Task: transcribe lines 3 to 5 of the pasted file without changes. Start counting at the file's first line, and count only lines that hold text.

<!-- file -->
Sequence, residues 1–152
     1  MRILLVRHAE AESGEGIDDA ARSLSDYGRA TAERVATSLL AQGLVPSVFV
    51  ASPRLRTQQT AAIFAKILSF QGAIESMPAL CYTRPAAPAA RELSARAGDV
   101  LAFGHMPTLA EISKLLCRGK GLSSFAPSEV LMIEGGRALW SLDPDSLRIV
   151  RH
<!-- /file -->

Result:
    51  ASPRLRTQQT AAIFAKILSF QGAIESMPAL CYTRPAAPAA RELSARAGDV
   101  LAFGHMPTLA EISKLLCRGK GLSSFAPSEV LMIEGGRALW SLDPDSLRIV
   151  RH